The proposed rule by USDA to reduce the amount of eggs and dairy products Women, Infants and Children (WIC) recipients can receive under the program could cut egg sales by an estimated $72 million, or 1.9% of total egg sales, the department estimates. At present, WIC purchases represent 3.5% of retail eggs sold.

Under the proposal, the amount of eggs recipients can purchase with the WIC vouchers would be cut to a dozen eggs per month per person, down from the 2 to 2.5 dozen allowed now. On the dairy side, WIC recipients could substitute soy milk and tofu for dairy products.

Offsetting the cut in egg and milk vouchers would be fruits and vegetable vouchers of $8 for women, and $6 for children. Baby food vouchers in the form of fruits and vegetables would be allowed for infants.

Howard Magwire, director of government relations for the United Egg Producers, says his group is not opposed to adding fruits and vegetables, but is opposed to cutting back eggs. Eggs are a very good food source and a good bargain, he says. Magwire also says he is concerned that the WIC change could have a long-term impact on the eating patterns of low-income people. And the change would lower egg prices overall, he says.

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Changing how people eat is precisely what USDA wants to do with its proposal. “We would like to see these small children from 1 to 5 exposed to more fruits and vegetables. They’re more apt to eat them later in life,” says Judy Solberg, in a Des Moines Register article. She oversees the WIC program in Iowa for the state Department of Public Health. Others, however, such as the Food Research and Action Center, contend that the Bush administration did not go far enough, and should have the program provide an additional $2 per month in fruits in vegetables over what USDA proposed.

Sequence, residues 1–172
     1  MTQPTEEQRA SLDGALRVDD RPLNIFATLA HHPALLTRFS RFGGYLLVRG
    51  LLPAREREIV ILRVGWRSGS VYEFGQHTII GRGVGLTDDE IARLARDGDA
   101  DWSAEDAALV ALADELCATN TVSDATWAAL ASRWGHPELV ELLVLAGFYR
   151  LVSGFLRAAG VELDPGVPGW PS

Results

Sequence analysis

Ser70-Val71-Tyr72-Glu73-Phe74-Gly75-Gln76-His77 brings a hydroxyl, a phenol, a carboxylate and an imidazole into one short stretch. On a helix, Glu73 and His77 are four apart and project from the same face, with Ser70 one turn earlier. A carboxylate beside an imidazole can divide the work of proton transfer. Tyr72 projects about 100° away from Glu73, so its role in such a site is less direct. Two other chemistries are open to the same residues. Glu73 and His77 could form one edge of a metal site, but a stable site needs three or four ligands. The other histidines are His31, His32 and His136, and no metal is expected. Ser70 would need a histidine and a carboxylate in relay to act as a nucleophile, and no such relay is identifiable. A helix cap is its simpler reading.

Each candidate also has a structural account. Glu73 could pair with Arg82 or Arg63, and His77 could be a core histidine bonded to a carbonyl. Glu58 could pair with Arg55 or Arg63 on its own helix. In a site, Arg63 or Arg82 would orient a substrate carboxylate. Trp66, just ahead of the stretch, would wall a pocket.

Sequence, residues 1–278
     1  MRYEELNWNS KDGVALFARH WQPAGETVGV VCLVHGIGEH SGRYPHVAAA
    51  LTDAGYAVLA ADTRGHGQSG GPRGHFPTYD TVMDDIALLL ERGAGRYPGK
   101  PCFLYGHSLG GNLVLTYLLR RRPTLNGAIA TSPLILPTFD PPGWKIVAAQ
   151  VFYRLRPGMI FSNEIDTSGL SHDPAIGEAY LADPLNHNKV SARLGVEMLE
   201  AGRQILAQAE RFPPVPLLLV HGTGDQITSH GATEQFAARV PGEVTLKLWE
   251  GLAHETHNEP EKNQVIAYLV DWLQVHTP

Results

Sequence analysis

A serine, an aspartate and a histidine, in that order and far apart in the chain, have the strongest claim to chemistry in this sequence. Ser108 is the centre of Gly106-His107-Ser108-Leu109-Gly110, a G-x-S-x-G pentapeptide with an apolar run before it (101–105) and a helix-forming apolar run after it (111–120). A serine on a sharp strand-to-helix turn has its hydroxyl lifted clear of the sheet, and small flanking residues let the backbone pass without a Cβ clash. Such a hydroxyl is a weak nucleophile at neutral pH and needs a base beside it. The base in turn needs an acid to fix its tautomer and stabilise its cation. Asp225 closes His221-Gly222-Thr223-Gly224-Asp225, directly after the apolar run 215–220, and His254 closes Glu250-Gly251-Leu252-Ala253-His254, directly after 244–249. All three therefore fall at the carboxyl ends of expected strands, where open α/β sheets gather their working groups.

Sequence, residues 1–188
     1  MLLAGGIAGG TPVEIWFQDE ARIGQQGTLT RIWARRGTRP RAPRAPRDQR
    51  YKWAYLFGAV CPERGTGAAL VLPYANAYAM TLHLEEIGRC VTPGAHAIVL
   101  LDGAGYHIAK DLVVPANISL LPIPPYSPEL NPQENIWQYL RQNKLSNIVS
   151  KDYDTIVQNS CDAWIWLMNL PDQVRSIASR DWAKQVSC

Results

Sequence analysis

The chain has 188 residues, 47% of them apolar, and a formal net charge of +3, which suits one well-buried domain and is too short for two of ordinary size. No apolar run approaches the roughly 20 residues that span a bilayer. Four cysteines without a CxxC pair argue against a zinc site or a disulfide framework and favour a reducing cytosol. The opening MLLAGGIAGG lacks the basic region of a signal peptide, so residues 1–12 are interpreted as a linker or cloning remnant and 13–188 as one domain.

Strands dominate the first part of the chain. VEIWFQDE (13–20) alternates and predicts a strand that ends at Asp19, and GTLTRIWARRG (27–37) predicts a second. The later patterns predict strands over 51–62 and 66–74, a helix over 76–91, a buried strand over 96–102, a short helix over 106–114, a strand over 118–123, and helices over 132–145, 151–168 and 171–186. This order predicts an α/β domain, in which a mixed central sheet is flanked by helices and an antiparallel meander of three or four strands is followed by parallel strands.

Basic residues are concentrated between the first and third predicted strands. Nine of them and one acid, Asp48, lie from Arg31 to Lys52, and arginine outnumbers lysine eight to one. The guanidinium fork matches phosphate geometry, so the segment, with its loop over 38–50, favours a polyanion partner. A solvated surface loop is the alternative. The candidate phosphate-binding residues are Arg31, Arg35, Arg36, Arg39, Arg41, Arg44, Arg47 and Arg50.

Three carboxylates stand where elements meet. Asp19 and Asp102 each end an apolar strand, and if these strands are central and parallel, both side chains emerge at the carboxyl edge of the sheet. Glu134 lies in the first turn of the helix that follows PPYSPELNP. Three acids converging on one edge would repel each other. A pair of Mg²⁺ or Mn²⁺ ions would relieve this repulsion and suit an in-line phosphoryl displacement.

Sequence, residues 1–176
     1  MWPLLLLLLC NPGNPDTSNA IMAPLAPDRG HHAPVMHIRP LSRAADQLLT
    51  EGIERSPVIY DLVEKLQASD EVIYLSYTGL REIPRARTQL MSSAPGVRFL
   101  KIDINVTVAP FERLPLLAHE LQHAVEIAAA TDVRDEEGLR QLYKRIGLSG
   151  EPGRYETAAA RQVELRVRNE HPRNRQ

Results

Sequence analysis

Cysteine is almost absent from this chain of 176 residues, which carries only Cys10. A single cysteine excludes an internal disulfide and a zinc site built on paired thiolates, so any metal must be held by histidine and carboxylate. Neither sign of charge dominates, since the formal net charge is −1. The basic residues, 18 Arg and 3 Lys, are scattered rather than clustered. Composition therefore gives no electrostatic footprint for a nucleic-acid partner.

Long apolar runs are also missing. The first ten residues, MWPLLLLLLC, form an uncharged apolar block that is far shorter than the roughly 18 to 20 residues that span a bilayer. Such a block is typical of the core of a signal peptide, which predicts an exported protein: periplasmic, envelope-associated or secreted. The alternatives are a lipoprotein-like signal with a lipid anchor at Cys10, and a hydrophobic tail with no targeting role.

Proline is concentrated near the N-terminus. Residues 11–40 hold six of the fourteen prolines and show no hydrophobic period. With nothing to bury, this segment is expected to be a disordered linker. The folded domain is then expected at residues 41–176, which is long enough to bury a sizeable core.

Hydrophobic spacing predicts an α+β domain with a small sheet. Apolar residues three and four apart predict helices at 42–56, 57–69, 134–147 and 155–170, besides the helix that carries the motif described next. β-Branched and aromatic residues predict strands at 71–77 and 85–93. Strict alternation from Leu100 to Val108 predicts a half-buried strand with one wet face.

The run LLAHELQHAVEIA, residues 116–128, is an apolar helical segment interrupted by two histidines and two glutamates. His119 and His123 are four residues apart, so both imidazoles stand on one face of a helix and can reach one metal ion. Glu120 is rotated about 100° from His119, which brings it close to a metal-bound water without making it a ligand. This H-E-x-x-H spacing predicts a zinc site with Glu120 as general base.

The proposed changes—if they become the final rule—would be the most sweeping changes in the WIC program since it was created in the 1970s. At that time, the concern about poor women was that they did not consume enough protein; thus, eggs and dairy products were emphasized. Now, however, some experts contend, women get plenty of protein but need more iron, vitamin E, potassium, fiber and other nutrients, and also need more fruits and vegetables.

USDA says that trimming on eggs and dairy products for WIC recipients cuts saturated fat and cholesterol and precludes the adding of fruits and vegetables from increasing program costs.

UEP will be filing comments on the proposed rule, and urges its members to do the same. It could be a year or two before a final rule is published, depending on how big a hurry USDA is in to make changes in the program, Magwire says.